This image, taken by NASA's Hubble Space Telescope, represents the sharpest view ever taken of the Orion Nebula. More than 3,000 stars of various sizes appear in this image. The bright central region is the home of the four largest stars in the nebula.
This close up on the Carina nebula looks like the fantasy "Mystic Mountain" from Tolkien's "The Lord of the Rings". The image was taken on Feb. 1-2, 2010 by NASA's Hubble Space Telescope in celebration of the 20th anniversary of Hubble's launch and deployment into an orbit around the Earth.
The Necklace Nebula consists of a bright ring, measuring nearly 20 trillion kilometers across, with dense, bright knots of gas spread out in a way that resembles the diamonds in a necklace. The knots are not stars, they only glow due to the absorption of ultraviolet light from the two stars located in the center of the nebula.
This composite image of the nebula near the star cluster NGC 2074 was taken by NASA's Hubble Space Telescope on August 10, 2008, in commemoration of completing its 100,000th orbit in its 18th year since the beginning of the mission.
Ara is a southern constellation located between Scorpius and Triangulum Australe. It was one of the 48 Greek constellations described by the 2nd century astronomer Ptolemy, and it remains one of the 88 modern constellations defined by the International Astronomical Union. Mythology Ara is a Latin word meaning “altar”, but its mythology comes from ancient Greece. Ara was identified as the altar, made by the Cyclops, where the gods made offerings and formed an alliance to fight the Titans. Notable stars Beta Arae (β Arae) is the brightest star in the constellation. It is an orange K-type bright giant or supergiant with an apparent magnitude of +2.84 and located 603…
Aquila is a constellation that lies just a few degrees North of the celestial equator. It is best seen in the summer because of its apparent location along the line of our galaxy. This is why many clusters and nebulae are found within its borders. It was one of the 48 constellations described by Greek astronomer Ptolemy in the 2nd century. Aquila had also been earlier mentioned by Eudoxus in the 4th century BC and Aratus in the 3rd century BC. It is now one of the 88 constellations defined by the International Astronomical Union. Its name is Latin for “eagle” and it is commonly represented as such. The constellation…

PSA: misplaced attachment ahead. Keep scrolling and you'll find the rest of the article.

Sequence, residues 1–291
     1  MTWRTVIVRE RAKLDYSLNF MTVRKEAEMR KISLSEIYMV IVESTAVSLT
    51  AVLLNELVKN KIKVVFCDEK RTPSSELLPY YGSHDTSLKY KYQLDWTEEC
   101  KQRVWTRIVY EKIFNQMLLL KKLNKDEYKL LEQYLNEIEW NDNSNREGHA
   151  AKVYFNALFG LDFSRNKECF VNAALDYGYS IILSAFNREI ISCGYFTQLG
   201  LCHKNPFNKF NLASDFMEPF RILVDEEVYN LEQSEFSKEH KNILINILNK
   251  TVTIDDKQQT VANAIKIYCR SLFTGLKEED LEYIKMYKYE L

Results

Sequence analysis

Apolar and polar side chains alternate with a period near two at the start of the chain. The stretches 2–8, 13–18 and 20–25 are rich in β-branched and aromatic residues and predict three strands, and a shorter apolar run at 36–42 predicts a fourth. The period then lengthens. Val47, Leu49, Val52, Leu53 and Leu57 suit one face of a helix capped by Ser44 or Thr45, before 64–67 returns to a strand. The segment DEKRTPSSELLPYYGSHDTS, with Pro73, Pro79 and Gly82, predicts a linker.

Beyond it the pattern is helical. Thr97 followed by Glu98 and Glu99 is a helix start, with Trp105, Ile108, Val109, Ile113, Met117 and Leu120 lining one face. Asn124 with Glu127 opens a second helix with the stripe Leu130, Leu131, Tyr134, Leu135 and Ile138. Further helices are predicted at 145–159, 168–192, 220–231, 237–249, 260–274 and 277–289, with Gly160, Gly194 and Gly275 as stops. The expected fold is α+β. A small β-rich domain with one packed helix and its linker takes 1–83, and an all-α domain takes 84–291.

Aquarius is one of the oldest of the recognized constellations along the sun’s apparent path, also known as the zodiac. It was among the 48 constellations listed by the 2nd century astronomer Ptolemy, and it remains one of the 88 modern constellations. Its name is Latin for “water-bearer” or “cup-bearer”. It is found in a region often called the Sea because of all the constellations named after a water reference, such as Cetus the whale, Pisces the fish or Eridanus the river. In illustrations, the brightest stars of Aquarius are represented as the figure of a man, while the fainter stars barely visible to the naked eye are represented as…
NGC 2346 is a planetary nebula which is ejected from Sun-like stars which are near the ends of their lives. It is remarkable because its central star is a very close pair of stars, orbiting each other every 16 days. The nebula lies about 2,000 light-years away from us, and is about one-third of a light-year in size.
This image of MyCn18, a young planetary nebula, was taken by the Wide Field and Planetary Camera 2 (WFPC2) aboard NASA’s Hubble Space Telescope. The nebula looks like an alien eye staring at us. It is located 8,000 light-years away in the constellation of Musca. Image Credits: Raghvendra Sahai and John Trauger (JPL), the WFPC2 science team, and NASA
This image was made by combining data from two of NASA’s Great Observatories: the Hubble Space Telescope and the Chandra X-ray Observatory. The supernova remnant, cataloged as SNR 0509-67.5, is the result of a type Ia supernova. It is located in the Large Magellanic Cloud (LMC), a small galaxy about 160,000 light-years from Earth. The bubble-shaped shroud of gas is 23 light-years across and is expanding at more than 5,000 kilometers per second. Image Credit: NASA, ESA, CXC, SAO, the Hubble Heritage Team (STScI/AURA), and J. Hughes (Rutgers University)